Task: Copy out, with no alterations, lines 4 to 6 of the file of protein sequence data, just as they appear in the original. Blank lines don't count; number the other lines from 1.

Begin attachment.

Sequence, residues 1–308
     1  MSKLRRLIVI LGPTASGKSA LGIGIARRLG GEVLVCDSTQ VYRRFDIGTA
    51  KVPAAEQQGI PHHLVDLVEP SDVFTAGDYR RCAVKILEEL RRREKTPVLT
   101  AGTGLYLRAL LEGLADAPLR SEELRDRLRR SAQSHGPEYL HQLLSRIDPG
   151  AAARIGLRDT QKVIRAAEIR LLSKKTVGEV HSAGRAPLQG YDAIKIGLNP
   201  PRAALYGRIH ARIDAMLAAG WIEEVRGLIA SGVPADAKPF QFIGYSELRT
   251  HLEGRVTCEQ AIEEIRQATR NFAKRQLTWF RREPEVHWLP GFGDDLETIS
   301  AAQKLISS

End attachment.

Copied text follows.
   101  AGTGLYLRAL LEGLADAPLR SEELRDRLRR SAQSHGPEYL HQLLSRIDPG
   151  AAARIGLRDT QKVIRAAEIR LLSKKTVGEV HSAGRAPLQG YDAIKIGLNP
   201  PRAALYGRIH ARIDAMLAAG WIEEVRGLIA SGVPADAKPF QFIGYSELRT